Sita’s Alexandre Champion, who instigated the idea, points to several factors behind the failed ventures: unsuitable horses, untrained workers or inadequate terrain, poor equipment. Housing estates or old town centres with flat terrain work best, with a circuit of under 20 km a day, he says. But even terrain problems can be overcome, and this autumn Sita starts horse-drawn collection in hilly Verdun, with a pair of strong carthorses. …

In Sicily, another place bringing back four-hoofed transport, Mario Cicero, mayor of 14th-century town Castelbuono, disagrees. He pioneered glass and cardboard collection using two packsaddle donkeys in 2007. Three years on, Cicero has done his sums and calculated a cost saving of 34%, as well as winning over a sceptical population and putting more donkeys to work.

“Compared with €5,000–7,000 annual running costs for a diesel truck, an ass costs €1,000–1,500 and can live 25-30 years. A truck costs around €25,000, lasts around five years and can’t reproduce,” says Cicero, whose four asinelli have now produced 25 offspring, so he won’t even be buying any more.

Of traditional British heavy horse breeds, the Suffolk Punch is currently “endangered”, Clydesdales “vulnerable” and Shires “at risk”. Oh, if only that £250,000,000 the government is freeing up for rubbish collection could be spent on a true, Green, British horse-powered refuse revolution…

Fabergé Shire Horses

These wee, proud-chested beasts are in the Royal Collection and were commissioned by Edward VII. Here’s one (in chalcedony and rose diamonds) and here’s the other (in agate and ditto). Oh, and there’s more! The king’s shooting pony, Iron Duke, is immortalised in “aventurine quartz, cabochon sapphires, nephrite, silver-gilt”, and another shire, who is either Field Marshall or Hoe Forest King. They were gifts exchanged between the king and queen – based on fairly lowly working horses, not Derby-winning thoroughbreds. I wonder if there was some kind of private joke involved?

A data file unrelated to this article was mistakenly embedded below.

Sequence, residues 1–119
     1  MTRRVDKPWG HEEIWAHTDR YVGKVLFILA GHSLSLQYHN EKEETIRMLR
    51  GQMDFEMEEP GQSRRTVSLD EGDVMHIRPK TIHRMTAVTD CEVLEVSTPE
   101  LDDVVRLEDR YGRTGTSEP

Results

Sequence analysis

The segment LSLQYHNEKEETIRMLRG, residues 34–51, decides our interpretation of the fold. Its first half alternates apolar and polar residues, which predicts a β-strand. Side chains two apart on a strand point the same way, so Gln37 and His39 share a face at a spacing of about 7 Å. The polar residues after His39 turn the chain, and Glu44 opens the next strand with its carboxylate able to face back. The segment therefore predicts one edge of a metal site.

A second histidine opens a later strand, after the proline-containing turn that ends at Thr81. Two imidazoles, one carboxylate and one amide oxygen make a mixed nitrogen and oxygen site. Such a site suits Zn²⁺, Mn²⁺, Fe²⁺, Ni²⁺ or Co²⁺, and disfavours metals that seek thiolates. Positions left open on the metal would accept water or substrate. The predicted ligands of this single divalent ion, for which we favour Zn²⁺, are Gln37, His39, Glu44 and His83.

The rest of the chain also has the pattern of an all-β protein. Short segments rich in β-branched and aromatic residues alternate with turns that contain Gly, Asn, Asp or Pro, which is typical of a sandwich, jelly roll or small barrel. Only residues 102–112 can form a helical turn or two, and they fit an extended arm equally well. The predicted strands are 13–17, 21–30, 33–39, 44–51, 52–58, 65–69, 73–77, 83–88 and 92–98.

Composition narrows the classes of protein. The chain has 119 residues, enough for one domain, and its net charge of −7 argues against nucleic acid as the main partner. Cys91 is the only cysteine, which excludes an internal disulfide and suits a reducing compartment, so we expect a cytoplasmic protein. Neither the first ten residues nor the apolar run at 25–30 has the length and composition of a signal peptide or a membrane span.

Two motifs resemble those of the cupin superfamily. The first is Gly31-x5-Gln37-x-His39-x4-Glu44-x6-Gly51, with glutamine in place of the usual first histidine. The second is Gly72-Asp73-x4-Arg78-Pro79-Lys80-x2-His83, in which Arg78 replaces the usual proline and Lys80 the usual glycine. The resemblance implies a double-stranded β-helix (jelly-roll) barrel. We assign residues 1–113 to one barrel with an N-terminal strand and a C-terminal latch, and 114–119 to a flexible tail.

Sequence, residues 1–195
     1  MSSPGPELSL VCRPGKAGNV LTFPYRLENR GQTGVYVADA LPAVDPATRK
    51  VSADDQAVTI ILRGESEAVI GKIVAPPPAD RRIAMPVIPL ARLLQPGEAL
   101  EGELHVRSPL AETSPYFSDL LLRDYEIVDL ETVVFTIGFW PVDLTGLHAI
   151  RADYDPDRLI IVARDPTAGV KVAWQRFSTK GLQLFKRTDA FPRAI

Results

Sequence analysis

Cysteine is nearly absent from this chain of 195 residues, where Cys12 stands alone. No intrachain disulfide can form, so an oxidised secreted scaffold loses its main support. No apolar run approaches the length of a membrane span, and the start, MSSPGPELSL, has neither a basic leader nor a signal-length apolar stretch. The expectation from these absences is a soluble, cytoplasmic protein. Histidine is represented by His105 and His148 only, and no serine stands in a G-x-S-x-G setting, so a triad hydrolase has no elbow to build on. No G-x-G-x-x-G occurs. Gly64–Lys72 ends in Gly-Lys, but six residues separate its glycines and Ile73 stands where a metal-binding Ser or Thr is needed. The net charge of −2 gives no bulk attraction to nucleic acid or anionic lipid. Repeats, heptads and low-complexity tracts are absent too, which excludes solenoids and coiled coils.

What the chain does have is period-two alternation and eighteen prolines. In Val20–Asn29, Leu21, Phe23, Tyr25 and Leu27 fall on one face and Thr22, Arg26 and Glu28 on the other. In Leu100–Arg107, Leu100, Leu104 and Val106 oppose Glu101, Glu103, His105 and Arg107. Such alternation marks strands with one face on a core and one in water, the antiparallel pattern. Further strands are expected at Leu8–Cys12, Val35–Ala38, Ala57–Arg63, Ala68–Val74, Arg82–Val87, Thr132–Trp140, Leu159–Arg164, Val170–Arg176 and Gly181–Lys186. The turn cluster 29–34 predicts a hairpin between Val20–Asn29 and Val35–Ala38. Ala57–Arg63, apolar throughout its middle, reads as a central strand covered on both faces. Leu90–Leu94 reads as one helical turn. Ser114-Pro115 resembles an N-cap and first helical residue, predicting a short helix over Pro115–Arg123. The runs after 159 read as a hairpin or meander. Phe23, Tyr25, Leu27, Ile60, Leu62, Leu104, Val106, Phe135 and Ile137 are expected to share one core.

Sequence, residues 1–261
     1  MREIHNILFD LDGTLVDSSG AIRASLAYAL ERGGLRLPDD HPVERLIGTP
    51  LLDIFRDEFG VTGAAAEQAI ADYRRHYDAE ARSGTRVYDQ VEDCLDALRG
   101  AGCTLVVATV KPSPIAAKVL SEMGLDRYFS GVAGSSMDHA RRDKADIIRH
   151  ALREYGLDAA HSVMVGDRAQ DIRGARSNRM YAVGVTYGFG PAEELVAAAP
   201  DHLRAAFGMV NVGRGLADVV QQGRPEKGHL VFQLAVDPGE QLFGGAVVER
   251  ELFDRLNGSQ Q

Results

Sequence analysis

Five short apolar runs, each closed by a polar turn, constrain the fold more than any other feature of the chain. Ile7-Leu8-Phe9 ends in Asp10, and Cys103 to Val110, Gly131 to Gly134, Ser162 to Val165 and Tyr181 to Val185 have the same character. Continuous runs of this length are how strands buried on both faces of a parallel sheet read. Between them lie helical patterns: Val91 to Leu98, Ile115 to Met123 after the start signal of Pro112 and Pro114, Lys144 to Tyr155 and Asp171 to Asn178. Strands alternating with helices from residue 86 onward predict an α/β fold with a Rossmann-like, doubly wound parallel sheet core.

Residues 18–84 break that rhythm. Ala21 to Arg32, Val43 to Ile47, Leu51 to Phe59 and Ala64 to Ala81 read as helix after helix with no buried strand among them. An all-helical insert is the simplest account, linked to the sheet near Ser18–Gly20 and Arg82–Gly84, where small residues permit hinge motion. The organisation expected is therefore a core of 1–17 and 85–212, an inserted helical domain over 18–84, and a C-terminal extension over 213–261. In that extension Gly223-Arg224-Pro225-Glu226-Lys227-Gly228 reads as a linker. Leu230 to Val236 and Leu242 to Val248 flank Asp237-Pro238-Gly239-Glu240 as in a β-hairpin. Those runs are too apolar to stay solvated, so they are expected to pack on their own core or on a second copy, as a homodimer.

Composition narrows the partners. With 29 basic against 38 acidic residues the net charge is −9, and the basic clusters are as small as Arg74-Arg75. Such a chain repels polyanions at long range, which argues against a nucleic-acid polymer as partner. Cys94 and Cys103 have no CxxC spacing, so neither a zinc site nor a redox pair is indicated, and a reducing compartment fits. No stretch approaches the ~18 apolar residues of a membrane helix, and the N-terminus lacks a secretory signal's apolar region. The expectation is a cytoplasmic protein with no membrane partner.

Cobsession

“At Harolds Park Farm, Essex (31 July), Vicky Westcott and her ‘hairy pony’ Ad Lib III won both elementaries on over 65% – their personal best scores to date.
Vicky said: ‘He’s a 15hh piebald Romany cob with full feathers and a full mane. He thinks he’s very handsome. When we go around the arena before entering he always turns to the judge at C and gives a little “nod and a wink”.
‘He’s so enthusiastic and forward I can have a braking issue in the simple changes, because he doesn’t like the idea of walking. But today I got a seven for one.’

Horse & Hound, 11 August 2011. This, I think, is the point of dressage – to get any horse going beautifully, whether he’s an 18hh expensive warmblood from the continent or a two-bob-cob with legs like Afghan hounds. When I was on holiday in Scotland earlier this year I had a lovely chat in one B&B with a dressage enthusiast who said she’d overheard an old horseman complaining  that you couldn’t get hold of Shire horses these days, ‘because all these bloody women buy them for dressage.’

(thank you to Estelle for the headline pun)

Round Up

  • Rodeo mules in San Antonio swan dive into water tanks to entertain the paying public. “What’s wrong with a mule diving into a cold pool on a hot day?” asks their trainer. Where to start?
  • A starved, dying horse is dumped in an LA street. Police question locals to find the owners. NFL player Jared Allen offers a reward for information.
  • Twenty shire horses hauled a replica of the Titanic’s anchor from Dudley to Netherton in a recreation of the original anchor’s journey from foundry to railway. Eight thousand people turned out to watch.
  • A statue of a riderless, injured horse was erected in Brno, Czech Republic, to commemorate the cavalry mounts who lost their lives there in 1805 in the Battle of the Three Emperors at Austerlitz.
  • Anna Sewell’s will is now available to view on-line.